- Sodium tetraborate Na2B4O7 melts at 741°C (1,366°F)
Boils at 2,867°F (1,575°C)
- Sodium tetraborate, decahydrate, Borax
Na2B4O7·10H2O melts at 75°C (167°F), -8H2O, 60°C
- Sodium tetraborate, pentahydrate Na2B4O7·5H2O melts at -H2O, 120°C (248°F)
- Used for forge welding flux, brazing flux and a constituent of arc welding flux.
- Also sold world wide under the trade name Solubor® as a boron fertilizer.
What it means is that borax only needs to get 120°C (248°F) to become dehydrated e.g. it will loose the water trapped around the molecules (due to the polarity of the water molecules and the affinity that Oxygen has to electrons....)
So, to get borax that doesn't make that weird dance on the steel. Just pop it in the oven at 150°C for an hour or so and the water will go away. This will make the borax slightly faster in protecting the steel from oxygen and other harm.
THANKS I had a lot of trouble finding that piece of data (went trough the entire library on chemistry).
OErjan -- firstname.lastname@example.org
BORAX as FLUX:
Borax is used for brazing and forge welding flux.
It is applied several ways. Brazing rods are coated with it or plain.
When using plain rods the end is heated and then dipped in some borax powder which sticks to the rod and begins to melt.
When forge welding it is common to sprinkle it on.
Occasionally a hot piece of iron or steel is "dipped" in the can or box.
Many smiths go to the trouble to forge a long handled spoon.
Another method is to use a "poker" with a short bent end.
The end is heated then dipped in the flux.
The flux is then transferred to the part while it is still in the fire.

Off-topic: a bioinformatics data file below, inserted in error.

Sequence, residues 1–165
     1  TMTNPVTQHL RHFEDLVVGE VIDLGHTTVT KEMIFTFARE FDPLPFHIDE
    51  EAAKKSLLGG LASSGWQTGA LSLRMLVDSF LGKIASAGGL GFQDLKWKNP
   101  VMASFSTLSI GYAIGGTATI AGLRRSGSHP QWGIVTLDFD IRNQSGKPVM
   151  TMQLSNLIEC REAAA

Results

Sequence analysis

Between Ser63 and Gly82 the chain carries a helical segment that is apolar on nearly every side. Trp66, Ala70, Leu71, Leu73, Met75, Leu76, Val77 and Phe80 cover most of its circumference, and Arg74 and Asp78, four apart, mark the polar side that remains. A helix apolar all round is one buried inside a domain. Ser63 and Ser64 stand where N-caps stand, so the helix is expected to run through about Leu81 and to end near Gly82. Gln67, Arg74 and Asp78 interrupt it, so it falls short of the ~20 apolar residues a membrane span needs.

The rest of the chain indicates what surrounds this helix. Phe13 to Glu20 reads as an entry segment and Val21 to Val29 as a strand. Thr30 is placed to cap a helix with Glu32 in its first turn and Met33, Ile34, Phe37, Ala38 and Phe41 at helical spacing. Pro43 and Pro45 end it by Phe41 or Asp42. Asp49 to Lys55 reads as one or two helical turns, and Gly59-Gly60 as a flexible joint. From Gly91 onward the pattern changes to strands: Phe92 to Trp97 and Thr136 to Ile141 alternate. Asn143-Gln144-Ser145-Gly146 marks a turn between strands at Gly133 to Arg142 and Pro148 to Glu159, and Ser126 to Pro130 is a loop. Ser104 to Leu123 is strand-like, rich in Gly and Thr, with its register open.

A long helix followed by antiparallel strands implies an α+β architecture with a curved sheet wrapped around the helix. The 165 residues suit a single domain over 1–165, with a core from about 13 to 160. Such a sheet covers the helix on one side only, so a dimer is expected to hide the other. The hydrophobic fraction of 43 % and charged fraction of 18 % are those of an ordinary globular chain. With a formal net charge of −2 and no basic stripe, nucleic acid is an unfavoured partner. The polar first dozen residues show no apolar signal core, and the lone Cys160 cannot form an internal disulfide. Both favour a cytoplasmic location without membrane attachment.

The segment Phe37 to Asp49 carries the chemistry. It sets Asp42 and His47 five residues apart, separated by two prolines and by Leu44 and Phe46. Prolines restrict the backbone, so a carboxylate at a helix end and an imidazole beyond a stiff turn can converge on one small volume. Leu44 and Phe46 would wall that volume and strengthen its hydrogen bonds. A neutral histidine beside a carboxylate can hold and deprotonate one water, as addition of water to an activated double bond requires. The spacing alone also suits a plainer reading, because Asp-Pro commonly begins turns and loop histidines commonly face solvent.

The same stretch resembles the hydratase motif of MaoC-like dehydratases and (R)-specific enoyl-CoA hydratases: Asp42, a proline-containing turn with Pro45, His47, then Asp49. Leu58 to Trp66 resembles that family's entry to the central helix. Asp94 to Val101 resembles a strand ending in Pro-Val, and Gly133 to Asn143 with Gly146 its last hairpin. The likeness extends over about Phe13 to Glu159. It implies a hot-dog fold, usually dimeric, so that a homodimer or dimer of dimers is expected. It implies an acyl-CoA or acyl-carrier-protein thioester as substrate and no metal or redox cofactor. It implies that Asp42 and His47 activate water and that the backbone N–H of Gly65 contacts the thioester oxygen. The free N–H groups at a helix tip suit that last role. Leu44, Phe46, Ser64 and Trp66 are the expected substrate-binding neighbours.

This has the advantage of not removing the part from the fire OR sprinkling a lot of flux in the forge.
The high temperature solvent effect of borax will also dissolve refractories (such as your forge lining or fire brick),
which after all, are metal oxides.
Recipe for Dehydrating Borax
- Add one box of Borax to a 9" x 14" casserole dish.
- Place on middle oven rack
- Bake at 500°F (260°C)for 2-1/2 hours.
- Let cool where your wife won't see it.
Larry Sundstrom, Fair Moriah Forge
Borax in the U.S.
In 1988 the Dial (soap) Corporation bought the exclusive rights to make and sell such home pantry staples as 20-Mule-Team Borax all-purpose cleaner, Borateem stain remover and Boraxo powdered hand soap.
At the time the U.S. president is Ronald Reagan, fondly remembered as the host of "Death Valley Days" once sponsored on TV by Borax.
From the Dialcorp website:
"In 1880 a vast deposit of borax, nature's magic water softener and cleanser, is discovered in Death Valley, Calif.
Soon teams of 20 mules are pulling 12-ton wagons across 165 miles of hot desert to the railroad.
Today we market it as 20-Mule TeamŽ Borax."
NOTE: Boraxo hand cleaner, is NOT the same as BORAX and does not work as flux.
Welding flux may also have other substances added to it. Boron compounds such as boric acid are common additions.
Flourite (flourspar) is also used for materials dificult to flux such as stainless steels.
Flux grade flourite is 98% CaF2.
Bladesmiths add 5 to 10% flourite to borax for forge welding stainless, nickle and chrome alloys.
References and Links